Furthermore, in December 2011, the Cuban government announced through Raúl Castro that the Council of State, over which he presides, “has agreed to pardon more than 2,900 prisoners. Not included in this pardon, with very few exceptions, are individuals convicted of crimes of espionage [and] terrorism.” One may respond by claiming that Cuba did not pardon most individuals for “crimes of espionage” and thus why should the U.S. free the Cuban Five? Yet, the U.S. government has never actually accused them of espionage, nor has it affirmed that real acts of espionage were carried out, as no classified document was confiscated from the Five. For this reason, they were charged with conspiracy to commit espionage and conspiracy to commit murder, because actual espionage or murder could not be proven. In law, “conspiracy” facilitates a conviction compared to actual conspiracy; nonetheless, the sentences received were greatly disproportionate to any “conspiracy” conviction.

The Cuban government, compared to the U.S. government, even further “agreed to pardon” among the more than 2,900 prisoners “certain individuals convicted of crimes against the security of the state, who have completed a large portion of their prison terms with good behavior.” The Cuban Five, in contrast, were never convicted of crimes endangering the security of the state, as no proof could be found to this effect. The five Cuban prisoners are also known for their good behaviour in prison. Therefore, President Obama, I urge you to join the tradition of some of your own predecessors, such as Lincoln and Carter. This humanitarian policy is preferable to your most recent statement on this issue. On January 30, 2013 in an interview on Telemundo, you stated that “in order for us to see an actual normalization of the relations between the United States and Cuba that we have to do something about all those political prisoners who are still there.” Clarification would be in order regarding “political prisoners” in Cuba; the facts suggest that the only “political prisoners” left in Cuba are those in Guantanamo prison.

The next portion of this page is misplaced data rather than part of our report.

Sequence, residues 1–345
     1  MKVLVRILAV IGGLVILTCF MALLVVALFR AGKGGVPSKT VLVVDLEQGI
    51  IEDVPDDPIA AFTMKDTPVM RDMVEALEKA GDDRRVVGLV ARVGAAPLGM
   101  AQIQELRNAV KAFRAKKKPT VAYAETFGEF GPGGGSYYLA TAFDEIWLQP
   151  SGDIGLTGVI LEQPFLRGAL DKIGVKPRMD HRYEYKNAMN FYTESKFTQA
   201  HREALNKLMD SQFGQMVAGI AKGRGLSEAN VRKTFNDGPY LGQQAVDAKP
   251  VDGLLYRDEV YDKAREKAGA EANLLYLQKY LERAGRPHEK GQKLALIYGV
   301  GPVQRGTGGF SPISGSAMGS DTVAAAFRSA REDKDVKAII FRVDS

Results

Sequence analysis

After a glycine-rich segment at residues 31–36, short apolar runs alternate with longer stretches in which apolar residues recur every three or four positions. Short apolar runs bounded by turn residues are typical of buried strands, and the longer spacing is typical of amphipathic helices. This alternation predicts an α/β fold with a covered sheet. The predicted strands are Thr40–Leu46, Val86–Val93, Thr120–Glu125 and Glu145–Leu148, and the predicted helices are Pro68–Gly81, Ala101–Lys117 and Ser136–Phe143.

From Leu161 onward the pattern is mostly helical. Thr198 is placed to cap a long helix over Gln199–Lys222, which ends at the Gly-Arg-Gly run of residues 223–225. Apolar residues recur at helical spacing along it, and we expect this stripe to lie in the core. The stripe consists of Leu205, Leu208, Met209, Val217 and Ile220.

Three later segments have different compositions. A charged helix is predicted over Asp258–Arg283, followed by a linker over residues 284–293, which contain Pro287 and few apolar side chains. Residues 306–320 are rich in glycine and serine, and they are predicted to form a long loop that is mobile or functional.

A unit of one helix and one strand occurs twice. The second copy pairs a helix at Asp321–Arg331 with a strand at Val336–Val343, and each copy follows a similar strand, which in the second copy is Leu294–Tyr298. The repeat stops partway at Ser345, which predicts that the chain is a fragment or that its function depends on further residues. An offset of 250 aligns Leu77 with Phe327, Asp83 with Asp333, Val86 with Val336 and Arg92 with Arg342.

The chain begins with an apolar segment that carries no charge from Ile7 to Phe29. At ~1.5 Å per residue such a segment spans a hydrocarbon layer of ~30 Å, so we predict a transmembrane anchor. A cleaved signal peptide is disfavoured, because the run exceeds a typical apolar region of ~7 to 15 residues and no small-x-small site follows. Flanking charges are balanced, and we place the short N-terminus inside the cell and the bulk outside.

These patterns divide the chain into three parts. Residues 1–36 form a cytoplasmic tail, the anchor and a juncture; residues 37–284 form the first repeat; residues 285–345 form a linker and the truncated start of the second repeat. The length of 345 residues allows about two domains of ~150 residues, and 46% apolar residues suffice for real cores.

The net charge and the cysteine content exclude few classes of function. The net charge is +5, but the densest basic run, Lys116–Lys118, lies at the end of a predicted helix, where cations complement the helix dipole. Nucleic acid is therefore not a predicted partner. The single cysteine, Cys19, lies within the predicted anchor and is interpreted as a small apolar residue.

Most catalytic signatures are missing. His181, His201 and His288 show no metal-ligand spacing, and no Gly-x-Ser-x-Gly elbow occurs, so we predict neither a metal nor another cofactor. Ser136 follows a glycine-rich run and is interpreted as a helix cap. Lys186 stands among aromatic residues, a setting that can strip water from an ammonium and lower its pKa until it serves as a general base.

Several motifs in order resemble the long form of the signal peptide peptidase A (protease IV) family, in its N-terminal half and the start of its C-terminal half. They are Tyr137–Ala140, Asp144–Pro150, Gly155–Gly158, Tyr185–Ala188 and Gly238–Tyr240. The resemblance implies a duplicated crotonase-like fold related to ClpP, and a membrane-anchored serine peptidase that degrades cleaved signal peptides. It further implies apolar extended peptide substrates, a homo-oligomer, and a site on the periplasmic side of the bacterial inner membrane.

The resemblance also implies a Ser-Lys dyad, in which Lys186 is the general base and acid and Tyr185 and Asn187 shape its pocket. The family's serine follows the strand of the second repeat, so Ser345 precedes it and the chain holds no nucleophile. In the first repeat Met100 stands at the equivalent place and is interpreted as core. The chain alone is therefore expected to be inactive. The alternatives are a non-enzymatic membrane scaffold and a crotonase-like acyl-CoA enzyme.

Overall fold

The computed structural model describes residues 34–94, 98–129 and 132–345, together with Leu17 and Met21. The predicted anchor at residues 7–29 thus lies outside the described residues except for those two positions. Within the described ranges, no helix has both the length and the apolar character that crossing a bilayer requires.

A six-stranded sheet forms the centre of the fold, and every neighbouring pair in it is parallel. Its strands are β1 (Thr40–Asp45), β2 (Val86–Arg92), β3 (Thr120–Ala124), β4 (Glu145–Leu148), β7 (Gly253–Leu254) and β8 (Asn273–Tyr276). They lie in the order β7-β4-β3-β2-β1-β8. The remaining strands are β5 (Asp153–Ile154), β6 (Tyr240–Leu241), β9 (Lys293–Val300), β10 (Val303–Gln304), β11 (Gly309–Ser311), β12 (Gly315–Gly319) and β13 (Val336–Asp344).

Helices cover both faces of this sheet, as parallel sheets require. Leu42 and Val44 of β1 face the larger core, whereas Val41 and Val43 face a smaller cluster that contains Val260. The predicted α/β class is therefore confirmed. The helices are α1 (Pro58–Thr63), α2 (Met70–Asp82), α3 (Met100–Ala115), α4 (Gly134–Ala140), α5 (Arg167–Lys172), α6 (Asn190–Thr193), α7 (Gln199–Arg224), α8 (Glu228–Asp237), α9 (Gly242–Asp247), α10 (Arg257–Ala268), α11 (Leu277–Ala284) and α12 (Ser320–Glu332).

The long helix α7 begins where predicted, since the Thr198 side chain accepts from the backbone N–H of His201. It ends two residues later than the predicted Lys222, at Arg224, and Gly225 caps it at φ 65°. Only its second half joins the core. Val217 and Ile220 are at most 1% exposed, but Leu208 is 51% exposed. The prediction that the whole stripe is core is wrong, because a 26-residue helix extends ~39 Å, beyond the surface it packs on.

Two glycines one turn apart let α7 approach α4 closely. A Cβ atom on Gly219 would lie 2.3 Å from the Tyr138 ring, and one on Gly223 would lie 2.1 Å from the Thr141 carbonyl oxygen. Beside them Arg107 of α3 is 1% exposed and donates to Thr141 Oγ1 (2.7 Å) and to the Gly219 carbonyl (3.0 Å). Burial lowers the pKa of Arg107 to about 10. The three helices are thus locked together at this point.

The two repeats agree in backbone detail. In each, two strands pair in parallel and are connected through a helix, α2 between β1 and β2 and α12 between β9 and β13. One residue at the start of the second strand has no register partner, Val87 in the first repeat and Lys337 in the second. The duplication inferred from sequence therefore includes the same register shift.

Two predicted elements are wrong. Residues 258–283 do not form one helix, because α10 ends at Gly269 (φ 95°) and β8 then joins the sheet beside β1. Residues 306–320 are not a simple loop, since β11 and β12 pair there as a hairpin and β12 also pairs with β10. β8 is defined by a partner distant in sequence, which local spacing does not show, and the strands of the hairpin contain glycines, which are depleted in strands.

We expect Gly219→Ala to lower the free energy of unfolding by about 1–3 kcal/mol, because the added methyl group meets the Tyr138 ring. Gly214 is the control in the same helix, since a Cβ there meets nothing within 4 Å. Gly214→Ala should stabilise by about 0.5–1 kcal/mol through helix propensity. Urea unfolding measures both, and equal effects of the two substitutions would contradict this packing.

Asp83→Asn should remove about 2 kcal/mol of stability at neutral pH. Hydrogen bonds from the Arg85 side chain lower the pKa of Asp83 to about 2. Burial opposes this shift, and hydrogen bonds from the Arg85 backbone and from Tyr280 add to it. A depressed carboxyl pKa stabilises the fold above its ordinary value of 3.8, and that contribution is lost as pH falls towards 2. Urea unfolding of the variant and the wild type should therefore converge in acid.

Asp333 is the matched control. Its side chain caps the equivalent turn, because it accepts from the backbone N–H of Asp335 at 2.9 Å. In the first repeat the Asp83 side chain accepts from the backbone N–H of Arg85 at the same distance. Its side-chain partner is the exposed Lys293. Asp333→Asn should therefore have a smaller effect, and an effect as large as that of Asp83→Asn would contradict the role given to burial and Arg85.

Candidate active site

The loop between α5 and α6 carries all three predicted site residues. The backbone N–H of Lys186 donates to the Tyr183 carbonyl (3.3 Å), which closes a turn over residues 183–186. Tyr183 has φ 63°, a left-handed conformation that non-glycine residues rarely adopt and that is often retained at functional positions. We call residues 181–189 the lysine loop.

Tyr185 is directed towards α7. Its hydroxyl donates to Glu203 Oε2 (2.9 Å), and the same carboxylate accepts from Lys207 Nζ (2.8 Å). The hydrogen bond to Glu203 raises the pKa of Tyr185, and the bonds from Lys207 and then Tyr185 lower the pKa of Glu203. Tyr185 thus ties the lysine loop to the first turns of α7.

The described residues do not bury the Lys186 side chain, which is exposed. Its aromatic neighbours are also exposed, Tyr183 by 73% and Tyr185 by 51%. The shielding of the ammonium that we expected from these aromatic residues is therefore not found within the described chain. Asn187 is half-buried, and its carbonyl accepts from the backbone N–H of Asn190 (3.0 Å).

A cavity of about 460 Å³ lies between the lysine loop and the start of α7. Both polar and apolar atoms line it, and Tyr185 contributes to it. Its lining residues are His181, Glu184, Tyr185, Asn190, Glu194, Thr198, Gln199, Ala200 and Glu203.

In the U.S. Constitution’s Article 2, Section II, the President is vested with the powers to grant pardon, with the exception of “Cases of Impeachment.” Impeachment refers to people within the U.S. political system itself who have committed wrongdoings that merit accusations of impeachment. This is considered the worst offense and thus only those convicted of impeachment are exempt from any possible presidential pardon. Clearly, this “impeachment” exception does not apply to these five prisoners. Once again, I request that you pardon them.